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Humor: The hard-core kid creative

In marketing to kids, fun is everything. Fun, and the humor that creates it, sells. In Part II of a three-part series, The Geppetto Group, a leading kids advertising and marketing agency, offers insight into the mechanisms of kid humor that...
February 1, 1999

In marketing to kids, fun is everything. Fun, and the humor that creates it, sells. In Part II of a three-part series, The Geppetto Group, a leading kids advertising and marketing agency, offers insight into the mechanisms of kid humor that might even your odds in getting a laugh and a sale. Last month, the focus was strategy; this month, creative is put under the kid-humor-defining microscope.

Kid humor originates from the dynamic between kids’ frustrations with the real world and the fantasies they use to escape it. Kids are frustrated by the limitations imposed upon them by the outside world, but they believe this condition can be changed. They seek out ways to transform their world into a place where they are heroes and where those who would restrict, limit and frustrate them are reduced to punch lines.

In contrast, adult humor revels in resignation and commiseration. From Rodney Dangerfield getting ‘No respect,’ to Homer Simpson crying ‘DOH!,’ adult humor is an exercise in acknowledging our limitations. What’s funny about adult humor is the realization that everyone else’s life is as bad as ours, if not worse.

For kids, humor is not about reality, but about fantasy. And so are kid products. Both are mechanisms for escape. Both provide the child with his or her ticket out. A well-timed show of flatulence can make a class laugh and make the teacher seem powerless and small. Is it any wonder that humor sells?

To maximize this relationship between product and humor, kid advertising must accurately depict the world of the child. All commercials should ultimately be demonstrations of what the product does and what the product does for the child. These demonstrations need to be precise and accurate with respect to the situation, dialogue and visuals. The comedy must also be crafted with an eye towards a specific age and gender. What’s funny to a six-year-old boy might turn an eight-year-old girl into a half-pint heckler. With kids, the secret to comedy is a lot more than just timing.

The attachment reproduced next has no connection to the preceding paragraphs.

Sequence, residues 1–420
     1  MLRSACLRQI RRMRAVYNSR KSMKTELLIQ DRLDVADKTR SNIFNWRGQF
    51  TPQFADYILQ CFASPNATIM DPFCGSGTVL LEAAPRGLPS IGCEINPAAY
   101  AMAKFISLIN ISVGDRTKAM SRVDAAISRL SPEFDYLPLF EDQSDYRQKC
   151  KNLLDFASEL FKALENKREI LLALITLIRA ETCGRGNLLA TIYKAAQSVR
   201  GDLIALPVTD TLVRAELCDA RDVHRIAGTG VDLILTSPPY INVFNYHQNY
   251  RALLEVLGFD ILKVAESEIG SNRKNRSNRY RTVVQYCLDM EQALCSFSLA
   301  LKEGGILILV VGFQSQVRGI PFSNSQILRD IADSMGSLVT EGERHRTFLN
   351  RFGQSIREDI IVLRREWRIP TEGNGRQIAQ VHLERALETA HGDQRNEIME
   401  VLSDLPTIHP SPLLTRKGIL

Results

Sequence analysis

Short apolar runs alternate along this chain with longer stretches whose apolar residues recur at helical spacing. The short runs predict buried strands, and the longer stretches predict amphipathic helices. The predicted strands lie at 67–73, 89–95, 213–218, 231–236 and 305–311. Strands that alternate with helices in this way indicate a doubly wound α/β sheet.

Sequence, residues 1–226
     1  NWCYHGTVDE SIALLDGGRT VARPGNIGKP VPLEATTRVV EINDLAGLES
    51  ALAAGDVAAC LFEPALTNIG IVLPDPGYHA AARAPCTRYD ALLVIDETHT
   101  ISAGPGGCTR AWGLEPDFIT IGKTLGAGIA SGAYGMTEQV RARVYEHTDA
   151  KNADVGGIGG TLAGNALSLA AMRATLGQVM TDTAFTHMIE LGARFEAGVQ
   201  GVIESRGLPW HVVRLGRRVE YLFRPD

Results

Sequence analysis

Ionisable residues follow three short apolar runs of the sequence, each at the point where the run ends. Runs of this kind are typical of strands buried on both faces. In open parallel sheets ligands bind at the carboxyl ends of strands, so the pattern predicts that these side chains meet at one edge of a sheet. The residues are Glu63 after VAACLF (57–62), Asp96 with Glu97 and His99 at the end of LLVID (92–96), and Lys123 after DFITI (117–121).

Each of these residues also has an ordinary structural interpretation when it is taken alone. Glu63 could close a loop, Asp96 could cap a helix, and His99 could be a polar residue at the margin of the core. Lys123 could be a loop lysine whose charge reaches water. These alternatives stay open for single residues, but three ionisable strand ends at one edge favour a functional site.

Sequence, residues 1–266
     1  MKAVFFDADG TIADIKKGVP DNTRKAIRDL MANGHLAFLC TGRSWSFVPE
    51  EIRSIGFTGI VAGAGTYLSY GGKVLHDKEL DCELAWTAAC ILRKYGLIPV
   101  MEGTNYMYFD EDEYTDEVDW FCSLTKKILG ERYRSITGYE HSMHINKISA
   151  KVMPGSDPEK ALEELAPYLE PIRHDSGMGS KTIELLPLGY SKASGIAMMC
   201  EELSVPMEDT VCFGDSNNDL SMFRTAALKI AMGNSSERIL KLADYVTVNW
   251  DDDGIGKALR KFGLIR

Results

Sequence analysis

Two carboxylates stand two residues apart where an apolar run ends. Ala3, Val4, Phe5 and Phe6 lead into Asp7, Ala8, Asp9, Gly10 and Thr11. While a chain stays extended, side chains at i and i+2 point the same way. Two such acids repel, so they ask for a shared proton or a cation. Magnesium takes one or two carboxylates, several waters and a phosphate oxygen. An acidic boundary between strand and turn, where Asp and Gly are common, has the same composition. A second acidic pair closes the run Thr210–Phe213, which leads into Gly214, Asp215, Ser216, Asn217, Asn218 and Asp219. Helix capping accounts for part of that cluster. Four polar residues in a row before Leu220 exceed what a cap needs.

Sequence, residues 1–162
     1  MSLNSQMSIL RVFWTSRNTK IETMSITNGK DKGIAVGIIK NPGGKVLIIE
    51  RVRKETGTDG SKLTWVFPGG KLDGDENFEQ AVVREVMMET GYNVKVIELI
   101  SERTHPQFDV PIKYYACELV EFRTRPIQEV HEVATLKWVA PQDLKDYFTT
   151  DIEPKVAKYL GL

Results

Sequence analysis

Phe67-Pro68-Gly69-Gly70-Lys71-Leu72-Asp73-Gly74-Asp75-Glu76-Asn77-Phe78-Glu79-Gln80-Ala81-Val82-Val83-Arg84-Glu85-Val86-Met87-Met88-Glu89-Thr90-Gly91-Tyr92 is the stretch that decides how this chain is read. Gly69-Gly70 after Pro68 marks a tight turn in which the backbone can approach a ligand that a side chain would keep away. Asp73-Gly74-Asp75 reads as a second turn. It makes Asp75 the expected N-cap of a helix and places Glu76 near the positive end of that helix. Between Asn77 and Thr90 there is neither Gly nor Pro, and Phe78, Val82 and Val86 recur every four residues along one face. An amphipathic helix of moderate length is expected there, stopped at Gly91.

There are many executional mechanisms of kid humor that, though rooted in fantasy and frustration, are the real goods when it comes to selling to kids.

* Hyperbole: Exaggeration is at the center of all kid humor. Kids do not think in parody and cynicism the way adults do. Kid humor is extreme, physical and visual. Visualize the product benefit!

* Taboos: Flatulence, saying bad words, making fun of adults or people’s physical imperfections are good for a laugh because they are representative of all the things that kids are forbidden to do. Can a product be a benign link to something naughty?

* Incongruity: Humor can also emerge from people not behaving the way they are expected to, such as babies smoking cigars or stoic corporate leaders sobbing. Part of Jim Carrey’s appeal to younger kids is that he’s an adult who talks out of his ass, an adult who acts like a child. What fantasy could be more appealing to a child than seeing the roles that they’re forced to conform to destroyed? Can a product alter the hierarchy?

* Expectation: Familiarity helps kids process information. That’s in part why equity characters are so successful in pitching products. ‘I knew he was going to get caught!’ kids will say of the Trix Rabbit. This sense of familiarity allows kids to spot what’s new about the product.

Humor in kids advertising is a tough gig. The executional elements must be dead on. The concept must balance recognition of frustration with the promise of escape. The product must be clearly linked to the humorous outcome, because a child will not rationalize the benefit. And the kids must laugh, because when it comes to commerce and comedy, if kids don’t get it, kids won’t want it.

Chris McKee is chief creative officer and founding partner of New York-based The Geppetto Group.

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